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Succeeding with Large Scale Agile

Scrum Expert - Wed, 03/01/2017 - 17:52
Learn how to succeed with large scale Agile. Implementing Agile in small, short lived projects is easy. The real challenge comes when the project becomes long-running, and it gets even harder when...

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Categories: Communities

Empower - an action; not a command

Agile Complexification Inverter - Wed, 03/01/2017 - 16:01
You have not empowered a person by telling them "you are empowered."  This is a classic mistake in communication.  When one does this, they misinterpret their message, "I'm empowering you..." with the action that a verb such as empowerment requires to happen.  This person is taking a short cut, by giving the platitude of empowerment in place of any action that would be view by the other as empowering.

"When told that they are empowered to do something; this message is actually interrupted to dis-empower the persons agency."How does this misinterpretation occur?  Why do we humans mess up this simple act of communication?

Let's look at an example:

For a few months I had been working with a new team of software developers at a large organization.  Like many organizations they had already done the agile/scrum thing and it didn't work for them.  Recently the leadership had built a satellite office and started from a very small pool of tenured people to grow it's new "resource" of technical people.  This time the leadership decided that hiring some experienced people that had "done Agile" and "knew how to Scrum" might give them the needed energy to actually get somewhere with the initiative.  At least these experts could teach the new people how to do agile right.  I guess I was one of these "experts" (another term for a has-been drip under pressure).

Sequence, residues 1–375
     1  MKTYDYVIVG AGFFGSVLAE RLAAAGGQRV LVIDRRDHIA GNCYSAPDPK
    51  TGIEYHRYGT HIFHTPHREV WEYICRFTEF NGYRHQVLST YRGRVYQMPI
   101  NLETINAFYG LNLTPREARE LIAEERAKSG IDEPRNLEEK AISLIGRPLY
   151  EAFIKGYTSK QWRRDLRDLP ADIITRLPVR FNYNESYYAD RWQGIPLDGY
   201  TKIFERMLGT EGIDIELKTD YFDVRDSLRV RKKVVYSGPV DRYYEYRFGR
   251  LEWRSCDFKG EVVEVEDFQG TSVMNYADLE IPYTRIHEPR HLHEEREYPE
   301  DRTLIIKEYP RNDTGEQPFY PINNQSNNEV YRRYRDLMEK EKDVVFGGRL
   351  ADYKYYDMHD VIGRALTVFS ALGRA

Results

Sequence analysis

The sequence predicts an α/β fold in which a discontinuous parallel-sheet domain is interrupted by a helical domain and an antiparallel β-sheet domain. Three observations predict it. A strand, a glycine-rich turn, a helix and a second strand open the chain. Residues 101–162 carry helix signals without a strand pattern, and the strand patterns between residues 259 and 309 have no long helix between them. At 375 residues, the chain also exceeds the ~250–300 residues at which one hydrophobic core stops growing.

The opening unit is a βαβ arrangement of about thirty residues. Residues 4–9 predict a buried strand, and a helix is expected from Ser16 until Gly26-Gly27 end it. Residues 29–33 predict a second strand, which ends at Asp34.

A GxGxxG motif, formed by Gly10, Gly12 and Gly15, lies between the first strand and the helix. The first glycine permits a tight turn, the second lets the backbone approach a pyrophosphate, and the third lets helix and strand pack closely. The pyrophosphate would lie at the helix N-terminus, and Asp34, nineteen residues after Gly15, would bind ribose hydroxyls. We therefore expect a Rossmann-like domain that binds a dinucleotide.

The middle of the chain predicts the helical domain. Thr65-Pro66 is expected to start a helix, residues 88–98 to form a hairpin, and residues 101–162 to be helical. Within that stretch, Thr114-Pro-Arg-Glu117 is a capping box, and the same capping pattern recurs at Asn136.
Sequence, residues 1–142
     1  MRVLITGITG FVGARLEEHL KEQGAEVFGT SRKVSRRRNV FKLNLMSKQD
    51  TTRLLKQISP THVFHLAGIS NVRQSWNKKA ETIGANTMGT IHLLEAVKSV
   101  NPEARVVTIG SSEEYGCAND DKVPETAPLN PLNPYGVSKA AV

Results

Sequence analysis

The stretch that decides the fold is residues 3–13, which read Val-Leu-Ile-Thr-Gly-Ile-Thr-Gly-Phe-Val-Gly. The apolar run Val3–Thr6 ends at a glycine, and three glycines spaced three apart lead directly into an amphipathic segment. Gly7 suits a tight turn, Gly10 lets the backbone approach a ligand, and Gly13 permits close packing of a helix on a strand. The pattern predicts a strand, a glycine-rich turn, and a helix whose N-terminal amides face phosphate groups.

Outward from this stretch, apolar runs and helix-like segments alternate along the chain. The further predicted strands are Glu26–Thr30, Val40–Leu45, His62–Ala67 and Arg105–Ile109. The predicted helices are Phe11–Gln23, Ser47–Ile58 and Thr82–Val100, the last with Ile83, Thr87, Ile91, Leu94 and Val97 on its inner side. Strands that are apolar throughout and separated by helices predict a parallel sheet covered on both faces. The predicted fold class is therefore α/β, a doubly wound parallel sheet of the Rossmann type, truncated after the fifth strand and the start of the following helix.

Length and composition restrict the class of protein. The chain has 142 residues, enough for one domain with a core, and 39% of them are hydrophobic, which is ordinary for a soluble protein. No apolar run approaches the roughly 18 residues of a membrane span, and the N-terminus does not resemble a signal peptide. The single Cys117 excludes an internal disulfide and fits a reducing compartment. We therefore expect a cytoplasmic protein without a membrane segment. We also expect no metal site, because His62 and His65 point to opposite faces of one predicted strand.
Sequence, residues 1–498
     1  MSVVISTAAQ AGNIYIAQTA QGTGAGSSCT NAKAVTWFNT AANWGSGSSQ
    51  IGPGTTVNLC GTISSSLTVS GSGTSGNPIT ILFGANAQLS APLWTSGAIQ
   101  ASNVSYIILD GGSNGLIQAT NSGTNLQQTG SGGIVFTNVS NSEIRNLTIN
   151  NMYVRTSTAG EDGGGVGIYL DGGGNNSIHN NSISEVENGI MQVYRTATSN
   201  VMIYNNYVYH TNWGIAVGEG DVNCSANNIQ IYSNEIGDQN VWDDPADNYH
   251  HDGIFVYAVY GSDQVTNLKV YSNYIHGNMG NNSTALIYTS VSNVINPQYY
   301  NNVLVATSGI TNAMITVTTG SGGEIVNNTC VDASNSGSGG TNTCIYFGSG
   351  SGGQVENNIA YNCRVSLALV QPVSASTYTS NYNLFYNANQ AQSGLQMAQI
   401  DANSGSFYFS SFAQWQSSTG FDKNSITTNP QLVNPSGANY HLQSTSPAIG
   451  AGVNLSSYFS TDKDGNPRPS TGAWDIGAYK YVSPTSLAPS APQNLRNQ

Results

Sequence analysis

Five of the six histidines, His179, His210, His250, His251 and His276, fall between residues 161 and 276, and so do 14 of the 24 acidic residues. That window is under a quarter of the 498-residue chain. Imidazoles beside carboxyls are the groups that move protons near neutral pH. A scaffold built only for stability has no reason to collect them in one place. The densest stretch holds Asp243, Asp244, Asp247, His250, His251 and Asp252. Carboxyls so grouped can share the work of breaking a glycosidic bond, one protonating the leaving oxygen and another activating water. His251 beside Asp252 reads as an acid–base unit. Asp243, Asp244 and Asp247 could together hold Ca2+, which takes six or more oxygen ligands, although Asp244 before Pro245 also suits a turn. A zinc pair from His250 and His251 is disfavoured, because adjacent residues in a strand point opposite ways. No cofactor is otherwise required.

Observing the new team for a few weeks I noticed they referred to their process by the label "kanban," yet they never appeared to move any sticky notes on their board, never made new ones or retired any old stickies.  Mostly they just pointed at them and talked about something not written on the note.  It was very difficult for the outsider (me) to follow the process they were using -- or maybe they were not using any process; and I was following them -- to nowhere.  This will take a bit more observation.

Although that was several months ago, and my memory is not the best at recovering details when there is no emotion overlaying the details, believe me there was little emotion at their stand up meetings, I'd call them boring (the meetings, not the people).  I don't remember in the 4 weeks I was observing that they ever shipped any software, never spoke about a customer visit, or discussing a solution with a customer - I don't think anything they talked about ever got done.

So, I some how convinced their manager that what they were calling a process, could not be named - and that wasn't a good thing (sorry Alexander that attribute is not the same as your "quality without a name" ).  It didn't reflect any known process.  He didn't know much about the process either.  It was labeled "kanban." Yet they didn't exhibit any of the behaviors of a team practicing the Kanban process, they didn't even know what steps the process might involve.  They had also tried scrum, but "it didn't work" either.  It was very difficult to discuss these failures with the team or the manager, they were reluctant to discuss what about the process had failed, nor what actions they implemented when these failures occurred.